Noninvasive Determination of Ligament Strain with Deformable Image Registration
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Ligament function and propensity for injury are directly related to regional stresses and strains. However, noninvasive techniques for measurement of strain are currently limited. This study validated the use of Hyperelastic Warping, a deformable image registration technique, for noninvasive strain measurement in the human medial collateral ligament using direct comparisons with optical measurements. Hyperelastic Warping determines the deformation map that aligns consecutive images of a deforming material, allowing calculation of strain. Diffeomorphic deformations are ensured by representing the deformable image as a hyperelastic material. Ten cadaveric knees were subjected to six loading scenarios each. Tissue deformation was documented with magnetic resonance imaging (MRI) and video-based experimental measurements. MRI datasets were analyzed using Hyperelastic Warping, representing the medial collateral ligament (MCL) with a hexahedral finite element (FE) model projected to a manually segmented ligament surface. The material behavior was transversely isotropic hyperelastic. Warping predictions of fiber stretch were strongly correlated with experimentally measured strains (R 2 = 0.81). Both sets of measurements were in agreement with previous ex vivo studies. Warping predictions of fiber stretch were insensitive to bulk:shear modulus ratio, fiber stiffness, and shear modulus in the range of +2.5SD to −1.0SD. Correlations degraded when the shear modulus was decreased to 2.5SD below the mean (R 2 = 0.56), and when an isotropic constitutive model was substituted for the transversely isotropic model (R 2 = 0.65). MCL strains in the transitional region near the joint line, where the material behavior and material symmetry are more complex, showed the most sensitivity to changes in shear modulus. These results demonstrate that Hyperelastic Warping requires the use of a constitutive model that reflects the material symmetry, but not subject-specific material properties for accurate strain predictions for this application. Hyperelastic Warping represents a powerful technique for noninvasive strain measurement of musculoskeletal tissues and has many advantages over other image-based strain measurement techniques.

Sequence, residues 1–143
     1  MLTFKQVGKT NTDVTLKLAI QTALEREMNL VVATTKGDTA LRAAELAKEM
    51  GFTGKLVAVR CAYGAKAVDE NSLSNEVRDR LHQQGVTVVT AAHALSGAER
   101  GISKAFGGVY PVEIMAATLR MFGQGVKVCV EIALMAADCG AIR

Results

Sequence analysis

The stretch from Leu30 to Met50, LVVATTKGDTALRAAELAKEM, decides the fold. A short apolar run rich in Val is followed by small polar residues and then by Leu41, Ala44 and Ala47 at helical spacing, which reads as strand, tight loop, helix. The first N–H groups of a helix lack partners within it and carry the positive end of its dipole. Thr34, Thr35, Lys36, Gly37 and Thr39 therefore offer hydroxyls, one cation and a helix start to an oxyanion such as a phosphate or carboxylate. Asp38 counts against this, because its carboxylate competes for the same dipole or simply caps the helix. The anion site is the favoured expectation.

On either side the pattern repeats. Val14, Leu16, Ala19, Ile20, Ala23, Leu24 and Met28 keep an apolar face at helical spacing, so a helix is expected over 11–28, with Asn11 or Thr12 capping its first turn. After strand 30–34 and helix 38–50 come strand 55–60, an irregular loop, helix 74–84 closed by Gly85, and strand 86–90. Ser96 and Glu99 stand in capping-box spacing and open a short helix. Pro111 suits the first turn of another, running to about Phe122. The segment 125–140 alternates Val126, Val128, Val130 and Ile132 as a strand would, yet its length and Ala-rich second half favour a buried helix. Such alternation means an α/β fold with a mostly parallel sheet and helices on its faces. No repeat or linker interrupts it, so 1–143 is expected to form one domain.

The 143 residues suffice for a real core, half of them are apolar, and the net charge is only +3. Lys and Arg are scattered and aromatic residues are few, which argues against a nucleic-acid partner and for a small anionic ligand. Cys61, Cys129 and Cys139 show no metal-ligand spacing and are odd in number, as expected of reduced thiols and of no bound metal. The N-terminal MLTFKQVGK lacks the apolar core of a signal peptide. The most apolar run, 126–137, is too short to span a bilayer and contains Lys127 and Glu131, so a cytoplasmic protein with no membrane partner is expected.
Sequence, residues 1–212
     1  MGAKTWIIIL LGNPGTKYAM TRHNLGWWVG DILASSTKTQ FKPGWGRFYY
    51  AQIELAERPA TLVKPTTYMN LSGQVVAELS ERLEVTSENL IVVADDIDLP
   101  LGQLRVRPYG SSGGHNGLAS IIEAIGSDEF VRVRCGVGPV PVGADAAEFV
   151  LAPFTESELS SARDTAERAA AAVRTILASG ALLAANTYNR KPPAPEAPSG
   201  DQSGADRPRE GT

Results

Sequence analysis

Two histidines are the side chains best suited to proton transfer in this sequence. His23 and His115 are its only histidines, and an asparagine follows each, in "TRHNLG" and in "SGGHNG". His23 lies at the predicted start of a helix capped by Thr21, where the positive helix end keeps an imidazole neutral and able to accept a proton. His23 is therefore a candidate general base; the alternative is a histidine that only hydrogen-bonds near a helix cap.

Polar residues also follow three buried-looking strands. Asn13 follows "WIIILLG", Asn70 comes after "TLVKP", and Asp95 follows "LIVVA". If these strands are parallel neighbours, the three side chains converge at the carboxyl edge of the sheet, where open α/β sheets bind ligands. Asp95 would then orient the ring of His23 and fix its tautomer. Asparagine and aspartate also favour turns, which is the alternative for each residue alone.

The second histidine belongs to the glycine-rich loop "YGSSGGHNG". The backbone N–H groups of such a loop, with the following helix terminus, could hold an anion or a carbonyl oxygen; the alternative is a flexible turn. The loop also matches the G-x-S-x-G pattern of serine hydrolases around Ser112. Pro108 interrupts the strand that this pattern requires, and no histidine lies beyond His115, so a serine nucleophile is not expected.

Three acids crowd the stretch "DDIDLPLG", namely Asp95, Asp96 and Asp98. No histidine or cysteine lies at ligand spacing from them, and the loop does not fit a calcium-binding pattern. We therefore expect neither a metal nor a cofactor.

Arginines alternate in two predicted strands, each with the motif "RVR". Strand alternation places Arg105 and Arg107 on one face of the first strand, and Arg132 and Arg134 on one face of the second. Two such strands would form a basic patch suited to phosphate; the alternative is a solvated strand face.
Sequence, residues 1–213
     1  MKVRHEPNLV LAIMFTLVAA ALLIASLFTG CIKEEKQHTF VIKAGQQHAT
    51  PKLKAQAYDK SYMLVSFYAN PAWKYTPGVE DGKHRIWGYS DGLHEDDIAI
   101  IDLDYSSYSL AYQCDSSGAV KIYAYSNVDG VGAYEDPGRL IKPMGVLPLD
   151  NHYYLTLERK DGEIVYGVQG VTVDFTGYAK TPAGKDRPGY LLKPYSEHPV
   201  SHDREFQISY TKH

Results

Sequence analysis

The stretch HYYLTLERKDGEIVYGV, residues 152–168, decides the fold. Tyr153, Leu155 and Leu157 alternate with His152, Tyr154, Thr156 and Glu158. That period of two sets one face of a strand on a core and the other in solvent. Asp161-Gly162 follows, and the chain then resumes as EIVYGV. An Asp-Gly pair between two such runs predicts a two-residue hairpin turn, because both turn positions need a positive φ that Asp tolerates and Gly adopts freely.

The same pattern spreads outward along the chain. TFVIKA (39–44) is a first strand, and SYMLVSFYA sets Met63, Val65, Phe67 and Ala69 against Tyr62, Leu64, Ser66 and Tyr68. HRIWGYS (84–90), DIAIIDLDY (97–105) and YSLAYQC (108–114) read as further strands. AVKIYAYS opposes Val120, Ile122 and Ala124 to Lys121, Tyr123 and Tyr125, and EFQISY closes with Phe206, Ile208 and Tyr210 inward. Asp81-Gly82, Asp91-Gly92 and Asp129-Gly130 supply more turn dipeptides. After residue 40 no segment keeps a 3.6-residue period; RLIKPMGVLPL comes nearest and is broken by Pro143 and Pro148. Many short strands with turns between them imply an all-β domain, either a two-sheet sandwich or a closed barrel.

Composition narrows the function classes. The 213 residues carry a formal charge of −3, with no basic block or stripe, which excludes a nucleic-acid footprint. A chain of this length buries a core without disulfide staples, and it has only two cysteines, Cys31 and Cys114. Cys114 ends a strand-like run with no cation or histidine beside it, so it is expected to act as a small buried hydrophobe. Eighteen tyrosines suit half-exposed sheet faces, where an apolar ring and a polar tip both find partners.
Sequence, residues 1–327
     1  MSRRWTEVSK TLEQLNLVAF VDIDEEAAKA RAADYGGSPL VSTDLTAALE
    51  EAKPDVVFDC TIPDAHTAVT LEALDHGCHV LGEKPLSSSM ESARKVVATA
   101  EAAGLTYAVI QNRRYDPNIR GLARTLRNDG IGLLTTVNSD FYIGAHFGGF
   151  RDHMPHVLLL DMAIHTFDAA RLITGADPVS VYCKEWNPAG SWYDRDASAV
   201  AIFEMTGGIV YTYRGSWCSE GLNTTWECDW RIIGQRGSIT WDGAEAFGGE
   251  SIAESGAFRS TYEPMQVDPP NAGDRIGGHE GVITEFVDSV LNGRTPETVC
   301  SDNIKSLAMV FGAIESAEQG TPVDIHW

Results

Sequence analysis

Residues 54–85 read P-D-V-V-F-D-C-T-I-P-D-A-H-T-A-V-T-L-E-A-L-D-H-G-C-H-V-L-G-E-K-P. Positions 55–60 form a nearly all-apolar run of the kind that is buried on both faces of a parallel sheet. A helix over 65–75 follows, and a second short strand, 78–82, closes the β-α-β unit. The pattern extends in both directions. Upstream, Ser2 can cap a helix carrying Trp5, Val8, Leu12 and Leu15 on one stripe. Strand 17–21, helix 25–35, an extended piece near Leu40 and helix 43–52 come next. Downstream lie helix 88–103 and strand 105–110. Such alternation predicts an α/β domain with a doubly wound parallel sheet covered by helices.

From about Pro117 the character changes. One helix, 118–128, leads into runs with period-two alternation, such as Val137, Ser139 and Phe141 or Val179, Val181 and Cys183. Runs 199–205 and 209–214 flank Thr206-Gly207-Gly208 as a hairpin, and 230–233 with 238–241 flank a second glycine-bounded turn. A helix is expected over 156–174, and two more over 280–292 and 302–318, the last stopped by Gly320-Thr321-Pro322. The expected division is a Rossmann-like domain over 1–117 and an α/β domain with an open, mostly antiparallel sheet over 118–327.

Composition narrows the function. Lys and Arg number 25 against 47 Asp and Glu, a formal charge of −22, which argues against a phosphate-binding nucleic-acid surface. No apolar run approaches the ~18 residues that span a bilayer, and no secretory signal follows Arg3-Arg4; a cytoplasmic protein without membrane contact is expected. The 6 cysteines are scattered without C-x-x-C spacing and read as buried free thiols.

KeywordsStrain measurement Ligament Deformable image registration Hyperelastic Warping
Financial support from NSF #BES-0134503 is gratefully acknowledged. The authors thank Garry Gold of Stanford University for suggesting the use of a nonuniform acquisition matrix, and Marianne Bergquist, Jeff McCann and Anita Apte for assistance with experiments and image acquisition.
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